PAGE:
A Newly-Published Detailed Study of Codex Alexandrinus
Codex Alexandrinus is a fifth-century “pandect,” that is, the Greek Old Testament and the Greek New Testament writings in one manuscript. From its original provenance (still uncertain), it came to England in 1627, presented to King Charles I as a gift by the Patriarch of Constantinople, Cyril Lucar, and is now housed in the British Library (London). Alexandrinus is well known to students of the Greek NT, especially those who study NT textual history and textual variants. It is the “fountain head” of what became the “Byzantine” text-type of the Gospels. But, as strange as it may seem, there has been no study of the codex of equivalent depth prior to the newly-published work by W. Andrew Smith: A Study of the Gospels in Codex Alexandrinus: Codicology, Palaeography, and Scribal Hands (Leiden: Brill, 2014). The publisher’s online catalogue entry here.
Smith, a recently-minted PhD, whom I supervised here, has produced what will now certainly be the “must consult” study on practically all aspects of this famous codex. I recall reading his work as he handed it in, chapter-by-chapter, but seeing it in published form (and kitted out with additional data not included in the thesis) I’m again impressed with his dedication to the project and to the quality of what he produced. It is not practical here to mention more than some larger results of his study, and I assure you that there is much more of interest than I can relate here. His analysis yields conclusions that require some ideas held earlier to be revised.
His detailed study of the features of the handwriting leads him to insist that we can no longer hold confidently to an Egyptian provenance for the manuscript. Using a combination of palaeographical analysis and statistical analysis of various copyist devices, he contends also that there were three copyists involved in producing the NT writings, two who copied the Gospels and much of the NT, and a third copyist who produced Revelation (correcting the judgements of a number of previous scholars such as Kenyon, Skeat and Milne).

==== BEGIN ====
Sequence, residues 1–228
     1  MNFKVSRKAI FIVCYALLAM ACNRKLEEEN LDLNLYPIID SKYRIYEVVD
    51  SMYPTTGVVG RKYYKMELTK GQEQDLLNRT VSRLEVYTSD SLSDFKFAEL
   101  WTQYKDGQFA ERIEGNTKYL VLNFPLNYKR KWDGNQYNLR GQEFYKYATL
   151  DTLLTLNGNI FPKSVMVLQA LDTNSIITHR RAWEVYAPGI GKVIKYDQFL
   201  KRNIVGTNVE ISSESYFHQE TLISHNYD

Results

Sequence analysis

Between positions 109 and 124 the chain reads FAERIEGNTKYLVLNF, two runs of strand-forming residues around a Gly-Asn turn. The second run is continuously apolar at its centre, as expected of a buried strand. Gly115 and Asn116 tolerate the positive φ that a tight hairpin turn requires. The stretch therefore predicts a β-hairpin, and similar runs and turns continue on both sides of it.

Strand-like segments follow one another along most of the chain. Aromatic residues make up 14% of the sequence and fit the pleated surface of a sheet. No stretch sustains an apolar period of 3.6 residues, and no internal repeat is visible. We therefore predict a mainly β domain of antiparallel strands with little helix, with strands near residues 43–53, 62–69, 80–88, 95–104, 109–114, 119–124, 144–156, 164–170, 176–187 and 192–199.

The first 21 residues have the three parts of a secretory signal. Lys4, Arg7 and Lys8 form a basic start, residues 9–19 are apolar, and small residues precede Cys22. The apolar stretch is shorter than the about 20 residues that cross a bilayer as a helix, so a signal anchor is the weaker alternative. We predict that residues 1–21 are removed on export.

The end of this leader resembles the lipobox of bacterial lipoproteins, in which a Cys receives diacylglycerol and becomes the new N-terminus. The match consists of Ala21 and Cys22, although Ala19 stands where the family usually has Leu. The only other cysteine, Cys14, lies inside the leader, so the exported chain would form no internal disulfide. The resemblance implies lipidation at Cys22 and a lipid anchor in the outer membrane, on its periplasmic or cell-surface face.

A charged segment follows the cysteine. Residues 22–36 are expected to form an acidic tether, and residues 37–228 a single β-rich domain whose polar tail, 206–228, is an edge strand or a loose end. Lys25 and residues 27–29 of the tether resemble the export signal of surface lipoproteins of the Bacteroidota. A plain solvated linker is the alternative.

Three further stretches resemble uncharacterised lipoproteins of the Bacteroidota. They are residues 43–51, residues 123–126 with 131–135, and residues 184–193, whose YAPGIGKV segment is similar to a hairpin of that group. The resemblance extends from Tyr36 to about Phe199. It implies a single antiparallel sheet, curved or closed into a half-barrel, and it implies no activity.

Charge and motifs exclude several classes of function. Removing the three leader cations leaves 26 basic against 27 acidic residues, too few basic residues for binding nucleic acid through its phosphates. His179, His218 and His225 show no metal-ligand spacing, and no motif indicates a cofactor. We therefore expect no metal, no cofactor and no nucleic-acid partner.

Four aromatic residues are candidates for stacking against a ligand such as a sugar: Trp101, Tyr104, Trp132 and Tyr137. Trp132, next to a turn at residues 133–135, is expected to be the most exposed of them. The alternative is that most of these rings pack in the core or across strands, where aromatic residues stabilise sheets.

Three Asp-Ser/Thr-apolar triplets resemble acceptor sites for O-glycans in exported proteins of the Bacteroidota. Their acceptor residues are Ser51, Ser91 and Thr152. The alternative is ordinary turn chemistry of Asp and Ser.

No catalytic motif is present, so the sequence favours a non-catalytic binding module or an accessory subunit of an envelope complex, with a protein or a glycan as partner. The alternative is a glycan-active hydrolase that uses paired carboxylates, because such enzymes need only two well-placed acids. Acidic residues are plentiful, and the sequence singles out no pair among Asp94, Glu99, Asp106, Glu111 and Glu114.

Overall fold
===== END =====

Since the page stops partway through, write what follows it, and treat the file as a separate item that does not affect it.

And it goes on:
One of the features of Alexandrinus is the abundance of para-textual features (what Smith refers to as “a rich feature set”), including black and red inks, marked quotations from the OT, a chapter-numbering system, the “Eusebian Canons,” and “supplemental texts” such as the Odes, the Hypotheses, the epistles of Clement, and the Psalms of Solomon.
As well, there are features intended to facilitate the (most likely liturgical) reading of the manuscript, such as division of the text into paragraphs, initial vowels marked with a “diaeresis” (looks like a German Umlaut), unusual word endings marked with a book or apostrophe, liberal use of punctuation and “paragraphus” marks to indicate breaks in lists, sentences and portions of text.
As well as giving now the most in-depth study of Alexandrinus available (with special focus on the Gospels), Smith has also produced what I think must be seen as a model for the detailed analysis of other important manuscripts. I’m pleased and proud to have served as supervisor for this landmark project.